La Poste Group profits hit by declining mail volumes
Postal operator La Poste Group saw its profits slump last year, but was bailed out by a major tax credit from the French government. The latest financial figures from the French national postal service reveal that revenue remained stable — up 2% to EUR 22bn, or up 1% at constant exchange rates.
Revenue growth came thanks to price increases and the performances of parcel services and La Banque Postale, which countered the impact of declining mail volumes.
But even including the tax credit from social employment programme Crédit Impôt Compétitivité Emploi (CICE), La Poste’s operating profits were down 5.6% in 2013 compared to the year before, to EUR 770m.
Without the tax credit, operating profits would have been down 42% year-on-year. The CICE is a tax credit amounting to 4% of the payroll, granted to organisations to encourage investment in training, recruitment and research to create jobs and competitiveness in French business.
La Poste Group’s net profits grew 31% year-on-year in 2013 thanks to the tax credit, to EUR 627m, but would have fallen 30% without it. The company’s economic health indicator — taking into account cash flow and expenditures — was negative EUR 104m for the year.
The state-owned company’s new chairman Philippe Wahl said 2013 was a “turning point” for La Poste.
The year involved almost a billion euros being invested in renovating post offices, modernising infrastructure and reinforcing the network, along with the purchase of electric delivery vehicles. Acquisitions included more Seur franchises in Spain, a 40% stake in Indian parcel firm DTDC and a similar stake in French parcel firm Colizen. The company also bought a 66% stake in freight forwarder Tigers.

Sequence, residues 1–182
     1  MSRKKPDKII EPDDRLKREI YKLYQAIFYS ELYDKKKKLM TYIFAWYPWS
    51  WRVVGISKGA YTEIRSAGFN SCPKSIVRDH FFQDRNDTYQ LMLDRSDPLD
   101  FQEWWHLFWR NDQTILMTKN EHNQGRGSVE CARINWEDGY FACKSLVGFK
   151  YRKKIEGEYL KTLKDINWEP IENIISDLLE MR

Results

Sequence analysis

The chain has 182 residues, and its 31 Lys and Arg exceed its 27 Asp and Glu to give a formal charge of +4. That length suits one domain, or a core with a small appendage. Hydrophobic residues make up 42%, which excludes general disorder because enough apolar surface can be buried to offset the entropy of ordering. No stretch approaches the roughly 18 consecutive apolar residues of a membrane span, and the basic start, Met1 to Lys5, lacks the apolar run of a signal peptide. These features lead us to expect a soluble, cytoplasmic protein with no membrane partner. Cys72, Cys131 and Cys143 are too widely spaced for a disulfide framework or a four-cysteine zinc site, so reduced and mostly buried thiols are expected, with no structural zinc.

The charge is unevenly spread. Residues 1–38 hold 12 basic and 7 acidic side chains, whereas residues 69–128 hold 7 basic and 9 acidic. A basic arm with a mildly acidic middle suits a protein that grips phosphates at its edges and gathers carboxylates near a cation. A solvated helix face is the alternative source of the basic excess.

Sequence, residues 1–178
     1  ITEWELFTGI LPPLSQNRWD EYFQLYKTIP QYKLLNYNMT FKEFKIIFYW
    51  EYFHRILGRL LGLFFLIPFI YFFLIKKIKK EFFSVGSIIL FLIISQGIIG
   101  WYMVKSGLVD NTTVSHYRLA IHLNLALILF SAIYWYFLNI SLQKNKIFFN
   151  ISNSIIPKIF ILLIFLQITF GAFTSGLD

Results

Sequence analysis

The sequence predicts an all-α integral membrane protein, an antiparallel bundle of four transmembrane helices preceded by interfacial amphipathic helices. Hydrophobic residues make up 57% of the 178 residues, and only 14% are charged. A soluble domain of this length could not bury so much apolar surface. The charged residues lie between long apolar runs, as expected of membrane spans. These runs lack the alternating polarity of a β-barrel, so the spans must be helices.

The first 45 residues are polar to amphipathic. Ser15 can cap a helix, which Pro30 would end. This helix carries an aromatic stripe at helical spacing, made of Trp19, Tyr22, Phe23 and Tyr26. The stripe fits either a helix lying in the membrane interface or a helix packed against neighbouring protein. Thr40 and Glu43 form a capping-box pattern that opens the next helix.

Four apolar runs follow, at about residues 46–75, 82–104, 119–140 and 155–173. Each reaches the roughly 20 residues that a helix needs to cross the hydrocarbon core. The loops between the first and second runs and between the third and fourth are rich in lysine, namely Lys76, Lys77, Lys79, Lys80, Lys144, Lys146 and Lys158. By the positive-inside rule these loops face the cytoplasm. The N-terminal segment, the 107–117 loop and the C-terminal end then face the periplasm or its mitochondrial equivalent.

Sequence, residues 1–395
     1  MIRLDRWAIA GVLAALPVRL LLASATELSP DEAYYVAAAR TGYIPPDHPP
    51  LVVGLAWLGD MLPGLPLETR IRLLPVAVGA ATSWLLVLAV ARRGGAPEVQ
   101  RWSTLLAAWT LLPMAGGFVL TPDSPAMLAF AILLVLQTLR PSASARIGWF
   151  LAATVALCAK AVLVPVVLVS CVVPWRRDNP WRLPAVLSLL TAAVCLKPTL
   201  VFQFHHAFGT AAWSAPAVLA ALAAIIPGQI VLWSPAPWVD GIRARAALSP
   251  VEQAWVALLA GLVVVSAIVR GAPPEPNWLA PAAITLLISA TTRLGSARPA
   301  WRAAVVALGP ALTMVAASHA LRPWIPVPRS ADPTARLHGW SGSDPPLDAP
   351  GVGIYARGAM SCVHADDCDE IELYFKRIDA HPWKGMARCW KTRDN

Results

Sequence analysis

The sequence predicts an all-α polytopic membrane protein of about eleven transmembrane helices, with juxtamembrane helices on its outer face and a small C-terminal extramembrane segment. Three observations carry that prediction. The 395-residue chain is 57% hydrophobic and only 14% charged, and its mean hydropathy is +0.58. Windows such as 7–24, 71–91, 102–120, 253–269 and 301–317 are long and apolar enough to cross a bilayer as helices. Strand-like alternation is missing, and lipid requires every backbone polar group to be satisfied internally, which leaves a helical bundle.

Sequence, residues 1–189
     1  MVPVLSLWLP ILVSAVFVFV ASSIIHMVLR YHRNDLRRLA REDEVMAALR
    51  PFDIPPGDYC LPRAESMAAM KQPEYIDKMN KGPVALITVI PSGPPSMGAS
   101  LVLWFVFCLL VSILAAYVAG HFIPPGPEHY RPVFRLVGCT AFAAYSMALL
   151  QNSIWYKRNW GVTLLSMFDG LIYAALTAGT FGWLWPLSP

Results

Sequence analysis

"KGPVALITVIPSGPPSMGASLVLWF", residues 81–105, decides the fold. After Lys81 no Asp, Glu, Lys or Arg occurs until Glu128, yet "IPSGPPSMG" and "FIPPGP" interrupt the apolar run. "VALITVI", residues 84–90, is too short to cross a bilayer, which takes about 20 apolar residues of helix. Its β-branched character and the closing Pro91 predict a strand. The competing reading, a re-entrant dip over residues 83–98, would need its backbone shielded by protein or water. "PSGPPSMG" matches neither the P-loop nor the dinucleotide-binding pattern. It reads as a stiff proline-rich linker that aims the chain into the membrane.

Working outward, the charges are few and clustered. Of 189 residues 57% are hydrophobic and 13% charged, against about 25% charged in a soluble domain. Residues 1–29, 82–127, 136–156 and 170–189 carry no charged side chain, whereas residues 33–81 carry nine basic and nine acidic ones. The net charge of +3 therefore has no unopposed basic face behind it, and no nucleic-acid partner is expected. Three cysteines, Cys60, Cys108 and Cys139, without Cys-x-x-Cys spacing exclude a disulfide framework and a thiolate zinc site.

Via its joint venture with Swiss Post, Asendia, the Group acquired Pitney Bowes’ international mail business operations in the UK, and a 40% stake in Irish e-commerce firm eShopWorld.
La Poste’s mail business saw its revenue down 2.7% in 2013, to EUR 11.1bn, largely because of the 5.5% decline in volumes, a decline blamed on digitalisation and the impact of the poor economy on the advertising sector.
Operating profit for mail declined 31.1% year-on-year, to EUR 471m, with the company conceding that “significant” innovation and cost-control efforts had not succeeded in offsetting volume declines.
Within the mail business, La Poste’s Sofipost division, which includes marketing services unit Mediapost, desktop publishing unit Docapost and logistics unit Viapost, as well as a 50% stake in Asendia, saw its revenue up 7% to EUR 1.2bn in 2013, with operating profit stable on EUR 67m.
La Poste’s parcels-express business saw revenues rise 7.3% compared to 2012, to EUR 5.98bn. Operating profit was up 4.1% to EUR 419m.
The results were helped by the growing parcel volumes within France and international markets, thanks to innovations like DPD’s Predict service, which offers consumers choice over where and when parcels are delivered.
Within the parcels-express area, La Poste’s domestic unit ColiPoste saw its revenue up 2.8% to EUR 1.59bn thanks to a 3.1% growth in volumes driven by “buoyant” e-commerce activity.
The international parcels unit GeoPost Group, which trades under brands including DPD, saw its revenue increase 9.3% in 2013, to EUR 4.39bn, with operating profit up 8.8% to EUR 319m. Growth was spurred on by acquisitions and the rollout of new products and services designed to improve service quality, the company said.
Elsewhere, La Poste’s banking business, La Banque Postale, was helped by a good performance in its insurance division and healthy growth in its credit card business, with banking income up 5.7% to EUR 5.54bn in 2013, and an operating profit up 14% to EUR 708m.
Looking ahead, the company said there was signs of economic recovery in Europe, though policies of controlling public spending and long-term interest rates. La Poste is aiming for a 1-2% growth rate for the Group in 2014, but said it expected operating profit to decline because the falling mail volumes will not be fully offset.
As a response, the company said its new “La Poste 2020” strategy should help turn around results, controlling costs and strengthening the development of the Group.